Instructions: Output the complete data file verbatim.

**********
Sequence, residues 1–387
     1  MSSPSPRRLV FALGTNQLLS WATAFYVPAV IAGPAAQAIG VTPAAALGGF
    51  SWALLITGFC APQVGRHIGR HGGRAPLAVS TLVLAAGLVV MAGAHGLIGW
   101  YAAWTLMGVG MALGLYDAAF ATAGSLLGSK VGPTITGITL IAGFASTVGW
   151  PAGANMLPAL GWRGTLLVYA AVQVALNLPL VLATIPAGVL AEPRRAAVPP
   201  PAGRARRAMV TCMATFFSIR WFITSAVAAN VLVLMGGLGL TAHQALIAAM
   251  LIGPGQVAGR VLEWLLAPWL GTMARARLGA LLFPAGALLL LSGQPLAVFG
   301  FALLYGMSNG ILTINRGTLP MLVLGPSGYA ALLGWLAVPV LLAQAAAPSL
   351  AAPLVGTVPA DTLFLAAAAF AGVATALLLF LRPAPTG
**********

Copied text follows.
Sequence, residues 1–387
     1  MSSPSPRRLV FALGTNQLLS WATAFYVPAV IAGPAAQAIG VTPAAALGGF
    51  SWALLITGFC APQVGRHIGR HGGRAPLAVS TLVLAAGLVV MAGAHGLIGW
   101  YAAWTLMGVG MALGLYDAAF ATAGSLLGSK VGPTITGITL IAGFASTVGW
   151  PAGANMLPAL GWRGTLLVYA AVQVALNLPL VLATIPAGVL AEPRRAAVPP
   201  PAGRARRAMV TCMATFFSIR WFITSAVAAN VLVLMGGLGL TAHQALIAAM
   251  LIGPGQVAGR VLEWLLAPWL GTMARARLGA LLFPAGALLL LSGQPLAVFG
   301  FALLYGMSNG ILTINRGTLP MLVLGPSGYA ALLGWLAVPV LLAQAAAPSL
   351  AAPLVGTVPA DTLFLAAAAF AGVATALLLF LRPAPTG